They don't make public media rivalries like they used to. Granted, the suffocating pervasion of modern media sometimes makes it seem like everybody's fighting everybody else; a hysterical royal rumble of takedowns, snarky tweets and righteous feather ruffling. There's Fox versus CNN, Gawker versus Vice, Gawker versus Reddit, Gawker versus itself, Margaret Atwood versus Doug Ford, Donald Trump versus El Chapo, Bret Easton Ellis versus the ghost of David Foster Wallace. But what these sniping back-and-forths lack are any sense of consequence, beyond their fleeting entertainment. Calling people out has become a spectator sport with no real stakes.
In Best of Enemies, Robert Gordon and Morgan Neville dig into a feud that had stakes to spare. For many, the ongoing quarrel between Gore Vidal and William F. Buckley Jr. is the Rumble in the Jungle of American public intellectualism. In this corner: Vidal, a dexterous and acerbic social progressive, one of the most immensely talented American writers and thinkers of his generation. In the other: Buckley, a skillful rhetorician who was instrumental in catalyzing the modern conservative movement in the United States.
It's not just that Vidal and Buckley were both smart – and almost comically sharp-tongued – speakers, both seemingly made for the medium of televised debate. It's that they fully embodied diametrically contrasting viewpoints. When Vidal and Buckley squared off – be it in their televised commentary of the 1968 Democratic National Convention on ABC, or in the pages of one or another glossy magazine – it wasn't just two smart guys sniping at each other. They were contesting the very heart of the American Republic. Or they thought so, anyway.
Best of Enemies does a good job playing up the magnitude of the Vidal/Buckley rowing. Clips of their televised debates – including the most famous one, in which Buckley called Vidal a "queer" and threatened to punch his teeth in – are cut with readings from the two writers' respective experiences of each other. (Kelsey Grammer voices Buckley and John Lithgow voices Vidal; both are perfect choices.) What's most bracing about the film, and the rivalry itself, is there's no sense of gentlemanly congeniality. One never gets the sense that after the cameras stop rolling Buckley and Vidal shook hands, clinked brandy snifters and toasted each other saying, "Good job, old sport!" There's no whiff of even a grudging respect for one another. These guys hated each other.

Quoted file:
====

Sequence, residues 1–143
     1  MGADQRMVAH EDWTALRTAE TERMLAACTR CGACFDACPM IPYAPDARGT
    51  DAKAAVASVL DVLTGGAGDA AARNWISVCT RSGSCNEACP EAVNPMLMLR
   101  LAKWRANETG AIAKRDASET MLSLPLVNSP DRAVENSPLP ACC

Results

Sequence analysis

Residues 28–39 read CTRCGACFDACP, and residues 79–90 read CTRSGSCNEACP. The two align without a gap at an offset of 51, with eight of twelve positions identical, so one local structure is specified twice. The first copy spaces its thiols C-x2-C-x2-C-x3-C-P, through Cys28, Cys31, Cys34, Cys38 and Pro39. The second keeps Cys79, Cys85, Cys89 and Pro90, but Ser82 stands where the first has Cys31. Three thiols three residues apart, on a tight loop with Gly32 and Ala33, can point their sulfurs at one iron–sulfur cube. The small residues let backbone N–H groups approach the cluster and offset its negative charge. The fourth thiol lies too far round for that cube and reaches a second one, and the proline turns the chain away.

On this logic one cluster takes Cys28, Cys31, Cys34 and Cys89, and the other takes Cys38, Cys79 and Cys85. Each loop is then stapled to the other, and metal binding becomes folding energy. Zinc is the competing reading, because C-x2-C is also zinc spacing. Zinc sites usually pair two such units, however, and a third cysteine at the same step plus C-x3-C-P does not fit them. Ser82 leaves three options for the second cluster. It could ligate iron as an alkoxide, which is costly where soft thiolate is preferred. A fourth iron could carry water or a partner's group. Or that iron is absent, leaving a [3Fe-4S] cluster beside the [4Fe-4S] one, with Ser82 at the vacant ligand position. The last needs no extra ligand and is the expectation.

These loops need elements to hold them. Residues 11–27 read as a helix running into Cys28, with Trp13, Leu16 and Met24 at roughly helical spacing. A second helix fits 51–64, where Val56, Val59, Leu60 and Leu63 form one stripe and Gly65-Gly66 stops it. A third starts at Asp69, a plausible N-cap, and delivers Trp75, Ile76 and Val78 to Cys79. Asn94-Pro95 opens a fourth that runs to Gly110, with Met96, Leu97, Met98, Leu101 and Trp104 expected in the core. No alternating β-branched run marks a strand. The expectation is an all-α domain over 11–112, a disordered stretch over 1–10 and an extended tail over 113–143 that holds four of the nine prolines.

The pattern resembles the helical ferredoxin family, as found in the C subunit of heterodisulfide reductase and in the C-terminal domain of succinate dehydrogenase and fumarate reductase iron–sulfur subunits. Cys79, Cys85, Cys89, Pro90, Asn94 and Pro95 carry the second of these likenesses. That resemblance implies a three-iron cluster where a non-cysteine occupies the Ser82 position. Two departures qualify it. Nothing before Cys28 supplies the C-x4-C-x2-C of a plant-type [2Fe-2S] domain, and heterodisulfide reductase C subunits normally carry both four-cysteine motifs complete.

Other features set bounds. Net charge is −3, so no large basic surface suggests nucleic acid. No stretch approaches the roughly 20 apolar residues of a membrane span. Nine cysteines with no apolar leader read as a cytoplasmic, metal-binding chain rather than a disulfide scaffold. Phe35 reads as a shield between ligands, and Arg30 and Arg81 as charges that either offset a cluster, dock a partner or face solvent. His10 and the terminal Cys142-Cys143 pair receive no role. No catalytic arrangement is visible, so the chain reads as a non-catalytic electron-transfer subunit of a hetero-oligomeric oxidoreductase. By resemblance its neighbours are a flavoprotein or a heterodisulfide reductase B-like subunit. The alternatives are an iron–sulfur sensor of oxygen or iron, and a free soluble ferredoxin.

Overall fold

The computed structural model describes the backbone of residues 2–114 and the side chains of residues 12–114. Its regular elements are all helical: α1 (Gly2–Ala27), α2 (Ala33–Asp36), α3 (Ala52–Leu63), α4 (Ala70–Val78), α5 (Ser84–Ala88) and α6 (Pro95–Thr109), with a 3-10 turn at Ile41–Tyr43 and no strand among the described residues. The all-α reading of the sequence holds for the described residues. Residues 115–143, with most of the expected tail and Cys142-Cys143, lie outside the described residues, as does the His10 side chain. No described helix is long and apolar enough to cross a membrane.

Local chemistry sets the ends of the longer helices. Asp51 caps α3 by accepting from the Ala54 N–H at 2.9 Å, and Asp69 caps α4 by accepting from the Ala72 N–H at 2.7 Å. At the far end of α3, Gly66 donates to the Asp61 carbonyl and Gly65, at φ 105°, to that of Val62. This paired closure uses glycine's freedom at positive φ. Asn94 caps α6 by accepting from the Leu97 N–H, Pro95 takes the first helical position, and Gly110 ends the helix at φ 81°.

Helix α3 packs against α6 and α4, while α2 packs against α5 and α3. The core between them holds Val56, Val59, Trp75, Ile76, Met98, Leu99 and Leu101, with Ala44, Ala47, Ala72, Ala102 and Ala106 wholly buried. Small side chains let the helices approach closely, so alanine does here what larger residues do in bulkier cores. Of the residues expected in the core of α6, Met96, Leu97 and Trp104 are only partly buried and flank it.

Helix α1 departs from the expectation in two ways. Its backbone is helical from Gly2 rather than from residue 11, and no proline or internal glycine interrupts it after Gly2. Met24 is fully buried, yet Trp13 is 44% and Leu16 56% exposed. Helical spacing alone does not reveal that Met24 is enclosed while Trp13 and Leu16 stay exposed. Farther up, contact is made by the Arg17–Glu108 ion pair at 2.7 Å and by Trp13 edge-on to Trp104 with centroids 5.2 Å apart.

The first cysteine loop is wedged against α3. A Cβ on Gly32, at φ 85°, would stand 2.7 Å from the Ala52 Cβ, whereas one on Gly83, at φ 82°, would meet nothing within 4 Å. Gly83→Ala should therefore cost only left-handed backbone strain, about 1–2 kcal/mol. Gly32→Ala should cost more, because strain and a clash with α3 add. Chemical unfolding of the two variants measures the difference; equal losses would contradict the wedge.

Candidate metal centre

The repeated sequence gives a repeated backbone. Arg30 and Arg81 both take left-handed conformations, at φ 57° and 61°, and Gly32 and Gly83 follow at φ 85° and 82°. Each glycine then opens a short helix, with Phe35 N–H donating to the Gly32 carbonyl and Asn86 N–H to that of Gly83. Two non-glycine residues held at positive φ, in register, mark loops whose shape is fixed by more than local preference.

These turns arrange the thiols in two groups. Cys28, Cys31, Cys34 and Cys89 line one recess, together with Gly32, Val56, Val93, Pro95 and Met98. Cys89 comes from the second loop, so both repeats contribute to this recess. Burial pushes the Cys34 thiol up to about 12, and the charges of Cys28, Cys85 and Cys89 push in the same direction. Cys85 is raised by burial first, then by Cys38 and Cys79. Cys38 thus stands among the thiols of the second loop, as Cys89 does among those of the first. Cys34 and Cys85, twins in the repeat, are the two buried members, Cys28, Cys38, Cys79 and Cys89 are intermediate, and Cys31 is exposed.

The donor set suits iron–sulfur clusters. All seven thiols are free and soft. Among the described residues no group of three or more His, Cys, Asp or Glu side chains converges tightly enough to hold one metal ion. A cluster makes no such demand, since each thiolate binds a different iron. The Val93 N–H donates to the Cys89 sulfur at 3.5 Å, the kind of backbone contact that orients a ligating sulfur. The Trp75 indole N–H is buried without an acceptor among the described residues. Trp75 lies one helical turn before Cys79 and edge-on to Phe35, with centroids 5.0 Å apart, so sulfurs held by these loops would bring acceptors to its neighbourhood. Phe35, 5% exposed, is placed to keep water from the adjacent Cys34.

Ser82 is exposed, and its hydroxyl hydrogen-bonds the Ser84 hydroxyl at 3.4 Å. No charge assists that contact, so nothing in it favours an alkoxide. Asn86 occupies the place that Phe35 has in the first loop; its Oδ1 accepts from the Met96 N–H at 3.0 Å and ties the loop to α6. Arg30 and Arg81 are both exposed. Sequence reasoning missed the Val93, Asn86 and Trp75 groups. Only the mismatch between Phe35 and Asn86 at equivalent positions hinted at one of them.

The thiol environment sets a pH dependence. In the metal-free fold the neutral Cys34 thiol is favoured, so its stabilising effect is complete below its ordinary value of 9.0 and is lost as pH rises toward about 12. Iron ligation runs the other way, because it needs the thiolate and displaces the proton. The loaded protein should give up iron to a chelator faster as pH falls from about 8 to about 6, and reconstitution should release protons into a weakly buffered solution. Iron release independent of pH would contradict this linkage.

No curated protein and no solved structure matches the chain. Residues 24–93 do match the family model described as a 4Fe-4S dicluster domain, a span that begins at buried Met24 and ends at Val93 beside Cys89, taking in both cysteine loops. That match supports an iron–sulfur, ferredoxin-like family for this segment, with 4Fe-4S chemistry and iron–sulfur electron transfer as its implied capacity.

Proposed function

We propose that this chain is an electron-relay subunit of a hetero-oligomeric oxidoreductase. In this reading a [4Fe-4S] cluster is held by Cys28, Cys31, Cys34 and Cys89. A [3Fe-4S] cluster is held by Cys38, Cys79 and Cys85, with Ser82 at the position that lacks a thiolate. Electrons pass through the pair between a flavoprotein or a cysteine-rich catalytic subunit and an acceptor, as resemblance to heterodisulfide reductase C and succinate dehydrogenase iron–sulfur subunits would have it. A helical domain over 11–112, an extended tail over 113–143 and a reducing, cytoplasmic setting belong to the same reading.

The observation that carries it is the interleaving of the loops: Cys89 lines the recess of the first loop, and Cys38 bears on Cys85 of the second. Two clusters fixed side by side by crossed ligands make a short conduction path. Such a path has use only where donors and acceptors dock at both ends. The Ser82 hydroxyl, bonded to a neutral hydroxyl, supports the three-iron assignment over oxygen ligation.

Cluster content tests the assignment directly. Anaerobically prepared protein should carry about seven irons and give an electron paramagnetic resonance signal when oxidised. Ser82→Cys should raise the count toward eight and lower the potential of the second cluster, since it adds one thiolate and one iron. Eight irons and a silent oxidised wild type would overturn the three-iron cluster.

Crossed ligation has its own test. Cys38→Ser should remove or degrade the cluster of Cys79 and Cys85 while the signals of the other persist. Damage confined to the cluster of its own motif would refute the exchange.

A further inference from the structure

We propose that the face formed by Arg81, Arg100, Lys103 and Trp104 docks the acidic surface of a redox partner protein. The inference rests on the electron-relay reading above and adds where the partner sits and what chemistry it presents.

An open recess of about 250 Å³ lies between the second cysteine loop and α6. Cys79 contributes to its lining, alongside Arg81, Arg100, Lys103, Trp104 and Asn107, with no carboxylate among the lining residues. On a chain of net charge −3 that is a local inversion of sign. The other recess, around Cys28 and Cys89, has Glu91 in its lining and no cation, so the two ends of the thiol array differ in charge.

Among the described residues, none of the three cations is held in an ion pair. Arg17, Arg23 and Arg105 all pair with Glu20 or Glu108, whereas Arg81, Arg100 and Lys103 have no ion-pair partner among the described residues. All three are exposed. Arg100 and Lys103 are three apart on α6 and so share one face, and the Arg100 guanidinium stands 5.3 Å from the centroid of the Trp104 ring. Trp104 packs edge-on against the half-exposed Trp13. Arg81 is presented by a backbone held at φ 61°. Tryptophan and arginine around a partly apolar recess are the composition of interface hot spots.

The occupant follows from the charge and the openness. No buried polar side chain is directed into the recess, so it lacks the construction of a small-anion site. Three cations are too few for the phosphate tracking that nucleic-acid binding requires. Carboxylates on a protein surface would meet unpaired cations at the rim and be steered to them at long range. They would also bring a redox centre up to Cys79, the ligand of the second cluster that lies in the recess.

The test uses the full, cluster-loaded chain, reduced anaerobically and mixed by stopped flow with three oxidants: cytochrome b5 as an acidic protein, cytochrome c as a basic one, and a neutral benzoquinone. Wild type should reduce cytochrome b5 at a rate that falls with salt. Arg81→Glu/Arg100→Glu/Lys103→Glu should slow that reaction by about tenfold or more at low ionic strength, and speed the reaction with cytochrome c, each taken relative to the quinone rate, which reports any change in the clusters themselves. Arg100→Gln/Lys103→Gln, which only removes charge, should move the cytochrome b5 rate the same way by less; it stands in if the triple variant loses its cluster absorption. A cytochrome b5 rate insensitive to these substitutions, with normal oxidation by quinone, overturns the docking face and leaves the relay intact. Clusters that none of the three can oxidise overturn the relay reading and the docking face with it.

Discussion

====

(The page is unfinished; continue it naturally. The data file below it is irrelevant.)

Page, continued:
Both believed that the United States was on the wrong path. Buckley felt it was teetering on the verge of immoral depravity. Vidal though the Republic was trending – like Rome before it – toward the opulence and excess of Empire. Both thought the other was as reprehensible in their politics as their personal character (Vidal once called Buckley a "crypto-Nazi," where Buckley has called Vidal "an evangelist for bisexuality," among much else). It's refreshing, in a way. These men believed that they were defending real ideas, preserving the most important principles of democracy. Vidal versus Buckley wasn't just sport. It was war.
What Best of Enemies skates over, though, is how this was a clash between two well-bred, patrician, horse-riding, boat-sailing, probably cravat-owning white men who sometimes seem like two sides of the same coin. In their own ways, both Vidal and Buckley are different representations of a kind of elitism. They seemed oddly disconnected from the political realities they were observing. Even Buckley's regret at calling Vidal a "queer" seems to stem less from self-reproach at criticizing Vidal's sexuality (or perceived sexuality, anyway) than from embarrassment at letting his foe get under his skin. For all their vehement oratory and bombast, both seemed wholly dispassionate.
But then, this remove has long been the hallmark of the endangered species that is the public intellectual. Detachment, even a studied aloofness, often permits that forest-for-the-trees clarity of thought and judgment. More than the argumentative acuity and linguistic nimbleness, it's this lucidity that sometimes seems lost in modern environment of public feuds and media criticism. Best of Enemies plays not only as a lively document of an engaging – and insanely entertaining – intellectual rivalry, but as a lament for the very idea of the public intellectual in contemporary life.